What We Read Today 01 May 2014

May 1st, 2014
in econ_news, syndication

Econintersect: Every day our editors collect the most interesting things they find from around the internet and present a summary "reading list" which will include very brief summaries of why each item has gotten our attention. Suggestions from readers for "reading list" items are gratefully reviewed, although sometimes space limits the number included.

Follow up:

  • Russia experiencing recession now, says IMF (BBC News) The IMF (International Monetary Fund) says that international sanctions are damaging the economy and threatening investment, pushing Russia into an economic contraction in the first three months of this year. The IMF says the contraction is expected to continue through the second quarter marking the start of an official recession.
  • Euro zone inflation edges up, swift ECB action seen less likely (Robin Emmott and Anna Nicolaou, Reuters) Inflation for the Eurozone edged up to 0.7% after hitting a five-year low in March (0.5%). Reuters says the slight increase reduces the probability that the ECB will act soon to ward off inflation. But the inflation rate remains below 1%, an area that has been labeled the "danger zone".
  • U.S. government says it lost $11.2 billion on GM bailout (Eric Beech, Reuters) Hat tip yo John O'Donnell. The government has written off $826 million equity it held in "old GM" which increases the loss from the bailout to $11.2 billion and closes the books on the deal. The loss had been $10.3 billion after the government sold the last of its stock in the "new GM" back in December.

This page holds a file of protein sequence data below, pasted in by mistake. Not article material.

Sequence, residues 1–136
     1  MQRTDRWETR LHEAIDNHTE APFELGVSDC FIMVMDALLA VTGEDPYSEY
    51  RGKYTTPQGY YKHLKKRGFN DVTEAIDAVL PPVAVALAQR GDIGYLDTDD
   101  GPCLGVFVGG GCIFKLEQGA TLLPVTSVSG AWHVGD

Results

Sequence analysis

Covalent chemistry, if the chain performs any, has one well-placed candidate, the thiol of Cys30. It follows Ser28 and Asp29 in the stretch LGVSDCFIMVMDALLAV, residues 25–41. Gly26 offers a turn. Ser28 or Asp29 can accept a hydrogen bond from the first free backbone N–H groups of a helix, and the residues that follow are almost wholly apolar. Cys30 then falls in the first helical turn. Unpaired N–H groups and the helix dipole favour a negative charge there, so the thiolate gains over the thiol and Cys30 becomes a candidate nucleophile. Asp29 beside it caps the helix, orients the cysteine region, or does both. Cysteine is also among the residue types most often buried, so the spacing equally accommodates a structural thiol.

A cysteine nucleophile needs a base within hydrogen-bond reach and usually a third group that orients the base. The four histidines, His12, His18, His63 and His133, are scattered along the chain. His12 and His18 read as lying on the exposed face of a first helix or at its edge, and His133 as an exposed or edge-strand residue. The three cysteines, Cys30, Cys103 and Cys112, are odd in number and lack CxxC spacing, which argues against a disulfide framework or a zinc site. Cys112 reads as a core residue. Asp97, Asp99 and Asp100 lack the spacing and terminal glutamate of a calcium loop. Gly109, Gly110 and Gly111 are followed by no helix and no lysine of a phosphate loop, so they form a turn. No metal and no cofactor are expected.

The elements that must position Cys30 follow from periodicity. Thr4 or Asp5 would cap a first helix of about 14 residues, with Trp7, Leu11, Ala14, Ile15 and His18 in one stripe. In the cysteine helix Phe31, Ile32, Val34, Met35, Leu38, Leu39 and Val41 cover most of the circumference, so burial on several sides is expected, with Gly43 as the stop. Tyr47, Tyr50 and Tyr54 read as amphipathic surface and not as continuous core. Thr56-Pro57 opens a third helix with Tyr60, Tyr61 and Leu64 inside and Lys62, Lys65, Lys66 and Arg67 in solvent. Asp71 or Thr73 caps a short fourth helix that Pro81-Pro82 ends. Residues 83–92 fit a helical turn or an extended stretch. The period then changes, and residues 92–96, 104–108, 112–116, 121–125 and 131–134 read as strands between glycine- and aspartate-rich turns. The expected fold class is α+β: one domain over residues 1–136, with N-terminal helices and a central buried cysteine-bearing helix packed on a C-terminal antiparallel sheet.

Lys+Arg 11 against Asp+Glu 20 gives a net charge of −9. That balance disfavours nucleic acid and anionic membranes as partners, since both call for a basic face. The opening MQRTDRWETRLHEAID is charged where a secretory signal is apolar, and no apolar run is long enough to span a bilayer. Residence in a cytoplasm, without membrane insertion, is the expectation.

• Acid Rain: Supreme Court Revives Cross-State Pollution Rule (Editorial Staff, The Adirondack Almanack) A rule which lower courts had struck down in 2011 1nd 2012 was reinstated by the Supreme Court of the United States (SCOTUS) a 6-2-1 decision yesterday. Justices Antonin Scalia and Clarence Thomas dissented, while Samuel Alito recused himself. The rule is known as the Cross State Pollution Rule. It prohibits states from creating pollution that impacts on neighboring states. A primary form of pollution affected by this rule are power plant emissions in midwestern states creating sulfur and nitrogen oxides which pollute eastern and northeastern states in the form of acid rain (nitric and sulfuric acids). Over the past half century acid rain has decimated higher altitude trout fisheries in New York and and northern New England and created extensive boreal forest damage there (see picture) and all the way up and down the eastern mountains (Appalachians, Blue Ridge, Smokies). Buildings, bridges, monuments, cemeteries, outdoor sculptures and other structures are also damaged by acid rain. The oxides of nitrogen and sulfur prohibited by this rule also are harmful to human health.

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